Meghnad Desai is no ordinary fiction writer. He is a reputed economist- he taught at the London School of Economics for forty years-he is a keen observer of British politics and participates in it from his perch in the House of Lords. He has written a number of books on Economics and many other subjects but his first novel, a sensitive political shocker, is a chilling portrayal of the decadent governance culture of our times. From all aspects his novel is outrageous, perhaps very close to reality and India which has largely adopted the Westminster system of democracy may be too close to the scandalous political narrative of the Dead on Time. Desai is both “rudely disrespectful” and “effective in puncturing hollow euphoria and ballooning egos’ of the political class.
A novelist has the unbridled liberty to let his imagination fly wild as long as he is able to carry his reader along. There is no morality in politics. No holy cow. And hypocrisy reigns supreme. Unlike the other celebrated politician novelist Jeffrey Archer, whose tour-de-force of the craft is a pleasant carousal of the British Parliamentary practice, Desai with his riveting account takes one to the messiness and mucky machinations of realpolitik. And with great flourish he takes pot shots at the bogus idealism and façade of social service our leaders put on to manipulate public opinion. Is the reality of the political system so nauseatingly immoral?
Harry White, young, “disturbingly” handsome and immensely popular Prime Minister of Britain, is a compulsive womanizer. His wife is busy with her theatre, a fad she has cultivated at the expense of the state. But she was helpful during her husband’s days in the opposition to manipulate the weak, infatuated Leader of the House to help her hubby’s political career. The PM’s rival in the party and the number two in the cabinet is an incestuous paedophile, and before the scandal was to hit the headlines thanks to the devious shenanigans of his long time rival media magnate, he dies of heart attack in a far away pub in Greece. The prime minister was enjoying a foot ball match in the company of his new conquest, a junior secretary in his office, Sarah. There is the megalomaniac media lord, Matt Drummond, who has been funding Harry’s political ascent, now asking for his pound of flesh. The prime minister is almost certain to concede to save his skin. The plot becomes murkier with a college mate, whom Harry had long forgotten seething with an old revenge of losing his girl friend who committed suicide after being ditched by Harry. The jilted lover is out to poison and take Harry’s life. All this in the backdrop of the Old Firm game between Rangers and Celtic, the traditional Scottish rivals. Politics takes Harry to Glasgow- he has no interest in the game- there breaks out bloody riots all over the city between the Catholic and Protestant fans as their teams battle for supremacy on the ground. All these breath taking events are unfolding on a single day which makes the story racy and unputdownable. A conspicuous aspect of the book is its overdose of sex as if politics is a licence for adulterous living.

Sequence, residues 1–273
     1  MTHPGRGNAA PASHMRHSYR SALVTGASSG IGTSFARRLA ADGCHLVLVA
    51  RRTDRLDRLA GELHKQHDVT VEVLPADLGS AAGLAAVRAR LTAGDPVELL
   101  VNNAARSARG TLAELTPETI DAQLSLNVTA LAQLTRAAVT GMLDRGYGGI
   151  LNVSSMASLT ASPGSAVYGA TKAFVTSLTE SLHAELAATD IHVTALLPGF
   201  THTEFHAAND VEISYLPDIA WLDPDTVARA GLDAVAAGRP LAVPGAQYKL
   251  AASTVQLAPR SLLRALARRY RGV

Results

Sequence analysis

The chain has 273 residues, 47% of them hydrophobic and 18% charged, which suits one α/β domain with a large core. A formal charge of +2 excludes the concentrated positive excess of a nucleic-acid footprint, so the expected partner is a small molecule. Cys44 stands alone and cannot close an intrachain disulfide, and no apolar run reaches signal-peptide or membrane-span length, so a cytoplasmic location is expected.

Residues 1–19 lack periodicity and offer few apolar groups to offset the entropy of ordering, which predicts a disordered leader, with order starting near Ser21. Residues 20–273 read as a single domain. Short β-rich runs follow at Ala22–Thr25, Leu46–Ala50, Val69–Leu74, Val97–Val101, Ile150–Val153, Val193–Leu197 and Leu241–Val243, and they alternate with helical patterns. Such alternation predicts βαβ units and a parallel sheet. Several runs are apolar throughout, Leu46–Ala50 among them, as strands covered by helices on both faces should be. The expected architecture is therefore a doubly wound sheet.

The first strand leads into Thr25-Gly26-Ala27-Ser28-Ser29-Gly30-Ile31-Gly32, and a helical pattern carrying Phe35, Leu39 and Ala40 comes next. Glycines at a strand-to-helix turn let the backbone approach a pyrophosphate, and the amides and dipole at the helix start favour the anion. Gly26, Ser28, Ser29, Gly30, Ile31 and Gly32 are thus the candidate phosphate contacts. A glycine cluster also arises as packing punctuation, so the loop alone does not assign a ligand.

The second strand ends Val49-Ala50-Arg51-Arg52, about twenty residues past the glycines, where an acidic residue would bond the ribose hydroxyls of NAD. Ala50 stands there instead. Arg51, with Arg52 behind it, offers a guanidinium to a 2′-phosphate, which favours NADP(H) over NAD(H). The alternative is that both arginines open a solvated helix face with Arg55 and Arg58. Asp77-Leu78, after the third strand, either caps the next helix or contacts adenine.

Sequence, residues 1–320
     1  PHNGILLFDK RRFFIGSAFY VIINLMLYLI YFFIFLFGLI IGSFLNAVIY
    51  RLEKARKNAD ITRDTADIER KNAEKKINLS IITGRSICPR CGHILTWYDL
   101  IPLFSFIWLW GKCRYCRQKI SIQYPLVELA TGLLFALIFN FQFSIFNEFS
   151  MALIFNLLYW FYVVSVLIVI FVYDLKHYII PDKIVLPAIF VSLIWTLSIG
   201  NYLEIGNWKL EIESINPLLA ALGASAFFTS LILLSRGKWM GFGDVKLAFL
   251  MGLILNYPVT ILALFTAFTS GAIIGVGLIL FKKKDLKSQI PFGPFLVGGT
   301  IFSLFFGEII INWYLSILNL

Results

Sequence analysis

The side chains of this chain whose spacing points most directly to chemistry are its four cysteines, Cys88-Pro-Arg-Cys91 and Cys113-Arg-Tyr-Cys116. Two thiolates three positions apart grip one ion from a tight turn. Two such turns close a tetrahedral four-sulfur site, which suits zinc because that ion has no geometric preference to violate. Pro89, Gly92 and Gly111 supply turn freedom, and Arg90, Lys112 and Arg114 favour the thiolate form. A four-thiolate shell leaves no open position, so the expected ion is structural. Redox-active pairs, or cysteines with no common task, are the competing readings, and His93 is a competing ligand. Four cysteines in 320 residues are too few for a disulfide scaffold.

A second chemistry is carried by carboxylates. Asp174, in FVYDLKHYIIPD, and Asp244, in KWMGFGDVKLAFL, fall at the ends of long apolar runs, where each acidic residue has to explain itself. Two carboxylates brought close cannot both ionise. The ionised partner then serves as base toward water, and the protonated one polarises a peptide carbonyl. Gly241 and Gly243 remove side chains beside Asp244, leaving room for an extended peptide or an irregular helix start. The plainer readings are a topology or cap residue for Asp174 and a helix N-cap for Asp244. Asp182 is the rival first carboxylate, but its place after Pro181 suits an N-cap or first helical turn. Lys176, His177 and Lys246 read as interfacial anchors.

This gut wrenching novel in fact proves Desai did not have any rule book to fight against. So he could pull out all stops. The eloquent spun of words authentically capture the agony of a cornered politician. All he wants is time and he has plenty of money to buy that commodity. You come across very interesting characters like the half Chinese, half Indian barrister Asha Chan, who is hooked to the tycoon, his editorial team with its sanctimonious humbug about family values and the reporter turned political adviser to the prime minister, Oliver and many others. It is fast paced and piping hot stuff. Full of passionate intrigues, devastating pen portraits of politicians, and skillful expositions on the “Euro mega boredom” on endless debates on olive in EU conferences on trade. A heck of a good read.
(HarperCollins Publishers, A-53,Sector-57, Noida, UP, Pin-201301, India)